Right now, the development community is busy readying itself for the Global Partnership High-Level Meeting in Mexico next week. Conversations there promise to range widely, but how best to use increasingly pressured aid budgets is sure to be high on the agenda both for donor and partner countries, as well as for the myriad of non-state actors who will also be present.
The most effective use of aid will of course be subject to much debate well beyond Mexico. Should aid’s primary purpose be to support the delivery of essential public services to improve people’s lives in countries that simply do not have the money to do this themselves? Or should it be used to help countries grow wealthier and transform economically in ways that reduce poverty and inequality? Or perhaps we should use aid for both service delivery and catalyzing economic development, with the question being to find an appropriate balance between the two?
These are decisions that should rightly be taken by partner countries themselves, in accordance with the now long-established principles of country ownership and inclusive development partnerships. But in reality, evolving donor “fashions” still very much color the picture.
The current darling of many donor agencies is to channel increasing amounts of aid to economic development and to or through the private sector. In terms of securing long-term development, it is widely accepted that economic growth is central but not sufficient — it is the type of growth that ultimately matters to promoting equality and reducing poverty levels. Indeed, according to a recent IMF paper, lower net inequality is robustly correlated with faster and more durable growth. In line with that view, it is critical that economic growth generates more government revenues that are then shared out, notably through taxes, and that a broad range of people participate directly in that economic growth through decent and well-paid employment.
The role of states and the private sector is clearly critical here, with recipient countries needing to define and shape the quality and direction of growth so that it meets agreed social, economic and environmental objectives. This is done using a carefully tailored set of economic and industrial regulation and subsidies, including, but by no means limited to, aid.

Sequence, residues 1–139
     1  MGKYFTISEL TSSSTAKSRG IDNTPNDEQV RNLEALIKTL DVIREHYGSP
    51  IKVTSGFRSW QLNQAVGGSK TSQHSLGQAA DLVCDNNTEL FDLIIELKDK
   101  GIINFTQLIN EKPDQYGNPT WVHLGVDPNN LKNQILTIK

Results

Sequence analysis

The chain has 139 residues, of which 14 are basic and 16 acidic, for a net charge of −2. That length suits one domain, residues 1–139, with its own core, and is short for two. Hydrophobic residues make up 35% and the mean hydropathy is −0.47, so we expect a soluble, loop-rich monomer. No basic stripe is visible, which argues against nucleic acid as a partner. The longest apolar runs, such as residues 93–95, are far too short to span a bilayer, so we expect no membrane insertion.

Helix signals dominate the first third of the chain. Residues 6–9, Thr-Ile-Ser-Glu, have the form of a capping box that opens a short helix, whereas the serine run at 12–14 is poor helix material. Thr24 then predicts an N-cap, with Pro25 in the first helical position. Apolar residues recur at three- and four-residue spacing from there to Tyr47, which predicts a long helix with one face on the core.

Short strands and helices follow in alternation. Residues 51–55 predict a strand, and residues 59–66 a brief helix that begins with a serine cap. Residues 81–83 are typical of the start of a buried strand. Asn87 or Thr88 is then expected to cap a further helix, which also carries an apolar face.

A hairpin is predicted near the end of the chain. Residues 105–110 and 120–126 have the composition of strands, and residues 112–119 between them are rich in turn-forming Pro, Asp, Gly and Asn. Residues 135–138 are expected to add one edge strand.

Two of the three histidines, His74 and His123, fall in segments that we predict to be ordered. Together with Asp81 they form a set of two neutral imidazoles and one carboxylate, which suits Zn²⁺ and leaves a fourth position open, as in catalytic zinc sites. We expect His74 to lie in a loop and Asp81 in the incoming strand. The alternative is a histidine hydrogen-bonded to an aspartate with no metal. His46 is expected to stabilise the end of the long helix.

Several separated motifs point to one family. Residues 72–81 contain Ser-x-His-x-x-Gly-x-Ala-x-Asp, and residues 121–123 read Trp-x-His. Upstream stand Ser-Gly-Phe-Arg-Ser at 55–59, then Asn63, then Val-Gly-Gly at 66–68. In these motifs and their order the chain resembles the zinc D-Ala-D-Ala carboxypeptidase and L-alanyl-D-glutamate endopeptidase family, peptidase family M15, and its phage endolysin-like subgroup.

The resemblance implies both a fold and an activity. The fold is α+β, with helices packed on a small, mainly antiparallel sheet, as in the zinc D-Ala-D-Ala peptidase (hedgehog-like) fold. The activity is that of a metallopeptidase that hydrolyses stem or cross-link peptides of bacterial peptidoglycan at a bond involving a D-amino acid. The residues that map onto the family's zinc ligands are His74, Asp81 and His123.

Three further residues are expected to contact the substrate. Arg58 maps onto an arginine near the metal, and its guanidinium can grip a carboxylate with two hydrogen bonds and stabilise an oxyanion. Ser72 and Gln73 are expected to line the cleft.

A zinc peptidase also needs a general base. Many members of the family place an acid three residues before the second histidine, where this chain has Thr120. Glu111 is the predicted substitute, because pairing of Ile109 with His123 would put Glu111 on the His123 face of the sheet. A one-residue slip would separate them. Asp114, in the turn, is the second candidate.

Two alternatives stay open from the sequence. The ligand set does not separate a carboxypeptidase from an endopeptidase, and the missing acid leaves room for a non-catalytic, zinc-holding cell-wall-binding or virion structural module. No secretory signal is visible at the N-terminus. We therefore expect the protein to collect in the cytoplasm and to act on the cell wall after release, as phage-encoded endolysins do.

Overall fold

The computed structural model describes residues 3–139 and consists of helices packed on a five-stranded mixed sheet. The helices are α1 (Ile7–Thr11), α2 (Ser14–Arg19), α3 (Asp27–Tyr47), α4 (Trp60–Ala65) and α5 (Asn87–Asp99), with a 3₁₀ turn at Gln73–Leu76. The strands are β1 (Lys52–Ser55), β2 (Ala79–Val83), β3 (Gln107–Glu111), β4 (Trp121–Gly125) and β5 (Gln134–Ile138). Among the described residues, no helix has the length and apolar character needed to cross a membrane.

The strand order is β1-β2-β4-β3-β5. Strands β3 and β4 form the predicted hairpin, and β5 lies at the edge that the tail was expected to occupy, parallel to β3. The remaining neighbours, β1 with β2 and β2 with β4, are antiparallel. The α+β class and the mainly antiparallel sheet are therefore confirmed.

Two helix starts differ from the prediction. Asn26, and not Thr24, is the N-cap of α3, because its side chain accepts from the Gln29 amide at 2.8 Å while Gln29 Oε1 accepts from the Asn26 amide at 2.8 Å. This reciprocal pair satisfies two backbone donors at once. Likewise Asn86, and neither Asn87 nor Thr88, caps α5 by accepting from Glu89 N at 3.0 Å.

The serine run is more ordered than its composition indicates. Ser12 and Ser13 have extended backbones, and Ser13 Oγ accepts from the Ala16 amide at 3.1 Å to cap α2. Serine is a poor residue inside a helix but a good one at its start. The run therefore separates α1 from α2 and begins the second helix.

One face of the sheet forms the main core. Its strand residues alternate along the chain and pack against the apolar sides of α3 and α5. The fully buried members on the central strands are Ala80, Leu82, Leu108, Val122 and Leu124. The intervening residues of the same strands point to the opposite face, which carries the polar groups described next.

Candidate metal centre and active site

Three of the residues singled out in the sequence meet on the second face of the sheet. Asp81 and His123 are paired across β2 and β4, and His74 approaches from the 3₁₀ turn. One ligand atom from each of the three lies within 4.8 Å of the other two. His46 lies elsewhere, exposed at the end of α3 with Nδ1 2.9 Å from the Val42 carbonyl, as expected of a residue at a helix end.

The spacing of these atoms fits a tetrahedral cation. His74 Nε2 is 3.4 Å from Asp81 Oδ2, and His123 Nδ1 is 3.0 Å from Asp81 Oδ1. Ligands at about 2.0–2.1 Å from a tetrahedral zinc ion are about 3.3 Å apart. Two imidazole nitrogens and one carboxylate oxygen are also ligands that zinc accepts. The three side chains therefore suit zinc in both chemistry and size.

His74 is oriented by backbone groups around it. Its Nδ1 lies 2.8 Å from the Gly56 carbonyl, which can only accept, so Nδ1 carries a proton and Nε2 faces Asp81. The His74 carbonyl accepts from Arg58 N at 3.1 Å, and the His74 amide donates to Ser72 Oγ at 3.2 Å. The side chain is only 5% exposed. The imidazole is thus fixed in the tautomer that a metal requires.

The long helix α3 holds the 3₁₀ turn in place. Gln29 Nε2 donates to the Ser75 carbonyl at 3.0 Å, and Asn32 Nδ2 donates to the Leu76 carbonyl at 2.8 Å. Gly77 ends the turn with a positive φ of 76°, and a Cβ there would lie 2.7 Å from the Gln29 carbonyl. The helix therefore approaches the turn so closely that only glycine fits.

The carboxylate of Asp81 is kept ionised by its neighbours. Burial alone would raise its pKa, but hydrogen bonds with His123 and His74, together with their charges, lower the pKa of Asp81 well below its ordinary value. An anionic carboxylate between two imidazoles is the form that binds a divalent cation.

So as donors look at targeting increased aid at the private sector as an engine of economic development, it’s important that they do so on the basis of clearly defined national strategies and using country systems and local procurement. Any donor targeting of aid to the private sector should be based on clear evidence that this spending not only will generate development results, but that this will be truly developmental and transformational, helping to diversify economies away from heavy dependence on agriculture and informal sectors. They should also consider the opportunity cost of aid going to the private sector, given the likely implications in terms of reduced spending on other areas such as essential services. Critically, they should also assess whether aid is actually the best policy tool available for the partner country to promote economic development at all.
Unfortunately, it seems that donors are all too often pursuing other priorities in their support of the private sector. There are particular concerns that donors are using aid to benefit their own companies, either directly funding investments or by using aid to smooth the way for investors by securing greater access to resources or to markets. The G-8 New Alliance, which seeks global investment in food security, is a case in point. Under this initiative, some African governments have committed to changing seed, land and tax laws to become more favorable to private investors. The promotion of aid to leverage private finance for the delivery of essential public services — including health and education — is also a matter for concern, given the growing evidence of the impact this can have for poor and marginalized communities.
Development agencies face many difficult questions in times of economic austerity, so it’s more vital than ever that the meeting in Mexico next week be used by the international community as a chance to explore some of these issues openly and critically, and based on evidence of what works in the best interests of partner countries. The ultimate goal being that ODA continues to deliver the best “bang for the buck,” reflecting the priorities and choices of partner countries themselves, and delivered in ways that supports country systems and local procurement.
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